Native Apps vs Gateway Apps: The Pros & Cons

Let’s be honest. You bought your smartphone for one main reason: the apps. Apps let you do virtually anything you want; from playing games, to logging your latest run workout, to locating your ex at that precise moment, and everything in between. You may notice big differences between apps when you open them; many open to copyrighted programs, but some open directly in your mobile device’s Internet browser. These are Gateway apps and Native apps, and both have their advantages and disadvantages.

Native App:

Native apps are installed directly from the mobile device’s app marketplace. These apps take more time and money to develop, and are a risky way to expect a profit. Native apps are built with their own programming within the device’s hardware, which allows for capabilities such as camera usage, flash, and memory.  Also, most games on smartphones are native apps. Developers can make income through native apps by charging any amount in the app store, but also through app-friendly advertisement platforms. Yet while native apps can prove beneficial to developers, there are also downsides. Native apps must be updated with the latest software, and therefore increases the already steep cost of launching and maintaining the app. Installers may also find problems in the native app, which they can then relay to other potential buyers in the app marketplace, steering business away. Some apps also require Wi-Fi connection, which can be a hassle for anyone on the go.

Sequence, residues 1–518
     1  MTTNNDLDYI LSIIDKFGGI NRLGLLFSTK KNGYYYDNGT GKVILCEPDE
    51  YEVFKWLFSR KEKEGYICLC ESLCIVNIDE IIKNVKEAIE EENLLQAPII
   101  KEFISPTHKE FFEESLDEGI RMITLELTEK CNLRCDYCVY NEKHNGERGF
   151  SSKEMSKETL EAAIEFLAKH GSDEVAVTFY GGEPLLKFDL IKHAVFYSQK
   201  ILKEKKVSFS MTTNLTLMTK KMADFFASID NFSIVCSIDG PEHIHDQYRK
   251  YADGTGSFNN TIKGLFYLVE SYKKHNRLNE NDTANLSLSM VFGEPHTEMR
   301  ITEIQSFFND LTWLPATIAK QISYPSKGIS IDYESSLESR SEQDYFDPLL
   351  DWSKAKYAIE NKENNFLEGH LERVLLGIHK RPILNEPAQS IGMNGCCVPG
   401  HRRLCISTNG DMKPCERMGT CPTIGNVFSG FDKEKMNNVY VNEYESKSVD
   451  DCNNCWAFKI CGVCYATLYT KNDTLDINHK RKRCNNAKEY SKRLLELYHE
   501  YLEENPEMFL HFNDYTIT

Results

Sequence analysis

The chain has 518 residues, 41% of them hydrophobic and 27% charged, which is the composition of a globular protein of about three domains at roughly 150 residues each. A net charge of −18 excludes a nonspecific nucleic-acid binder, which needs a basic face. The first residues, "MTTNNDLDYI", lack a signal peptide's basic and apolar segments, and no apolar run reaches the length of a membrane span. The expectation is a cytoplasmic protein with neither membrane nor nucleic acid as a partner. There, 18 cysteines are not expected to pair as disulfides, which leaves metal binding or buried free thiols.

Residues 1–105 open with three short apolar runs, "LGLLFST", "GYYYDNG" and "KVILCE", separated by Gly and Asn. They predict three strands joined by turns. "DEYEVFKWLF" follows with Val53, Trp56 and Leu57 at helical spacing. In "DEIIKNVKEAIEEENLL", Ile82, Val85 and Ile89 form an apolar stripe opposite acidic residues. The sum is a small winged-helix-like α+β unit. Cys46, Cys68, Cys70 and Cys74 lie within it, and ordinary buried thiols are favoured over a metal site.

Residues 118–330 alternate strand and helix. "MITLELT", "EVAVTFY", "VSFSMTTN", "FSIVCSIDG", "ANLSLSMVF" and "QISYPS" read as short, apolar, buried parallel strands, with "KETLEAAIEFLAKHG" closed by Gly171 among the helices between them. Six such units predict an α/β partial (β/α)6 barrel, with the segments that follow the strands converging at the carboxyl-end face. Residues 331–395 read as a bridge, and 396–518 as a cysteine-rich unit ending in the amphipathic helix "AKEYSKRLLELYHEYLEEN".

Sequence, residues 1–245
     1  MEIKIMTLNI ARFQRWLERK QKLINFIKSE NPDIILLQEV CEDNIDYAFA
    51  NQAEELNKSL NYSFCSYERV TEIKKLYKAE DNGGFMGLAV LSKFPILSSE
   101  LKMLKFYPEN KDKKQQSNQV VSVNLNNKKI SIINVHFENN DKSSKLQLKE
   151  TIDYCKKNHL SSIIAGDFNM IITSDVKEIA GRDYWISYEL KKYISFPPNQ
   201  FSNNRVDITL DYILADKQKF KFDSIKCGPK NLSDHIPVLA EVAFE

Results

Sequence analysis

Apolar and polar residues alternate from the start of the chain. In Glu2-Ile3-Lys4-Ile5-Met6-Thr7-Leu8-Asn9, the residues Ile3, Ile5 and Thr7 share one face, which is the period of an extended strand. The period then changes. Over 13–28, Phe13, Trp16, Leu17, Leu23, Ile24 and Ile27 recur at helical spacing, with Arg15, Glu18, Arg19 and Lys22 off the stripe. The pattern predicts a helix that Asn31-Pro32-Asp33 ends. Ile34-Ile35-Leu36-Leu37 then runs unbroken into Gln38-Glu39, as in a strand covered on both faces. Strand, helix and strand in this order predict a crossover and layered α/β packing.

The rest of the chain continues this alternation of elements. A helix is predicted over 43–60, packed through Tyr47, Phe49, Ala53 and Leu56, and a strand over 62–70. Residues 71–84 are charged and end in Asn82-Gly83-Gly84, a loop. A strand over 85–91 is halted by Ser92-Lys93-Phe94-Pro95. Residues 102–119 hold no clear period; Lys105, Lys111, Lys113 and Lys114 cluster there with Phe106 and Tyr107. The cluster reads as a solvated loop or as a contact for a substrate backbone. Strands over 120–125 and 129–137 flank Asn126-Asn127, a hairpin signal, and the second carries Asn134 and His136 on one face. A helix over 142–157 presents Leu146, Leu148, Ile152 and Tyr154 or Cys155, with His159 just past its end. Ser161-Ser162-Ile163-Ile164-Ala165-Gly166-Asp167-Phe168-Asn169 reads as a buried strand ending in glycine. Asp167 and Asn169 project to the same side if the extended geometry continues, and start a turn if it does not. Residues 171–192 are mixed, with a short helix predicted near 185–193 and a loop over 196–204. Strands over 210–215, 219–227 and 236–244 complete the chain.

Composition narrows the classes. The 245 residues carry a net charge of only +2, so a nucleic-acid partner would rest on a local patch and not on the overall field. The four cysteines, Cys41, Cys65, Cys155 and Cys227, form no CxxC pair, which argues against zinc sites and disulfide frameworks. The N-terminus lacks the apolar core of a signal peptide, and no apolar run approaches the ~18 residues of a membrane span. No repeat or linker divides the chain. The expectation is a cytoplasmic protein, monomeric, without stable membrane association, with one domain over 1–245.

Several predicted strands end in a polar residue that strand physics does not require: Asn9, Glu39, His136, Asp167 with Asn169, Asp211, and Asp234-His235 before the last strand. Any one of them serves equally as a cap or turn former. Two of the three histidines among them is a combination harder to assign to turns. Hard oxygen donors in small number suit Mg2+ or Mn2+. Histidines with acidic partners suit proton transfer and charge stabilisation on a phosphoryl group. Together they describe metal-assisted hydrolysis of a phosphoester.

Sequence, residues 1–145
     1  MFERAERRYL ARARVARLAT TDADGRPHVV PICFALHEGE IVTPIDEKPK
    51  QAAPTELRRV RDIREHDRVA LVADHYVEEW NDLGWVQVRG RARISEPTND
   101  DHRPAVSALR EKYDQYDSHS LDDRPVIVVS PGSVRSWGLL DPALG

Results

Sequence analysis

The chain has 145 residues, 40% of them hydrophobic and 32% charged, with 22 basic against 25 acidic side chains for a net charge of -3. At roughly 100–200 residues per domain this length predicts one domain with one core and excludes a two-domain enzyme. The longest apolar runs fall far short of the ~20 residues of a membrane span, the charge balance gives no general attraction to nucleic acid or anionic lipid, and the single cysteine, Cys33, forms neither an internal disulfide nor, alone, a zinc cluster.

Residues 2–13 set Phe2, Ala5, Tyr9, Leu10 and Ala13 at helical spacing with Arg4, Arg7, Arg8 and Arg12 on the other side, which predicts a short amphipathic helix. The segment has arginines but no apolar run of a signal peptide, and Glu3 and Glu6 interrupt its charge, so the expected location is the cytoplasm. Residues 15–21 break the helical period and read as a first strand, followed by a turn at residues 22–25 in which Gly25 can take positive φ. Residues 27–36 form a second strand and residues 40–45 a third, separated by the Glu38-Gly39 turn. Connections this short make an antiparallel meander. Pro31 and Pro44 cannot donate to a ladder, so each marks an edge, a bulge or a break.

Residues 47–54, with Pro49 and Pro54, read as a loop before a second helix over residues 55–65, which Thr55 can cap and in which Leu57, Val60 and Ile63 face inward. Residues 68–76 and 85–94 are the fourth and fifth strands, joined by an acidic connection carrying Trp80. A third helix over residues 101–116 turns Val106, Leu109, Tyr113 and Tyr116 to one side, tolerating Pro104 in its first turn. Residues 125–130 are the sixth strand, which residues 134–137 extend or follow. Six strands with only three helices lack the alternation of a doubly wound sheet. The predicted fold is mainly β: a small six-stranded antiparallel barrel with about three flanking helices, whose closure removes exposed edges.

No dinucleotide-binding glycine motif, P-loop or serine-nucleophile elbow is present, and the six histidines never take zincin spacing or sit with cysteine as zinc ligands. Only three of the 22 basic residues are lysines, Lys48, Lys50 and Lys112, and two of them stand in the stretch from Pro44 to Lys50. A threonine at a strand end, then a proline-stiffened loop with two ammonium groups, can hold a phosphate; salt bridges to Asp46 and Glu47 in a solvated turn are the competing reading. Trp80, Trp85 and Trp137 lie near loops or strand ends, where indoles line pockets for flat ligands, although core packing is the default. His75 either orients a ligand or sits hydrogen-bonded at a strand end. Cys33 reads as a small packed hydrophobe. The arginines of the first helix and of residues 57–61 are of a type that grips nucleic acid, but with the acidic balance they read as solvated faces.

Web (or Gateway) App:

Web apps, though they carry fewer capabilities than native apps, are an easy way to expand to different audiences while making a profit. Unlike native apps, gateway apps require less development time and cost because they do not function through the mobile device’s software. Instead, they run through the device’s mobile web browser. Because of this, mobile guests don’t have to worry about downloading and updating the app, because it is processed with the browser. However, the site developer still has to maintain the website, as any site owner would. Because there is no means of profit through purchasing a gateway app, site developers can implement site advertisements as a means of monetization. While most mobile devices have 3G capabilities, web apps will load depending on the carrier service, which can lead to varied results unless the user is connected to Wi-Fi. The negatives of web apps include the inability to use the device’s camera and limited memory (if any), and the chance of less publicity.

Native apps and gateway apps have their pros and cons, and often times a company will create one without the other. When downloading any app, it is important to look into the capabilities that each carries to ensure maximum benefit when using the app.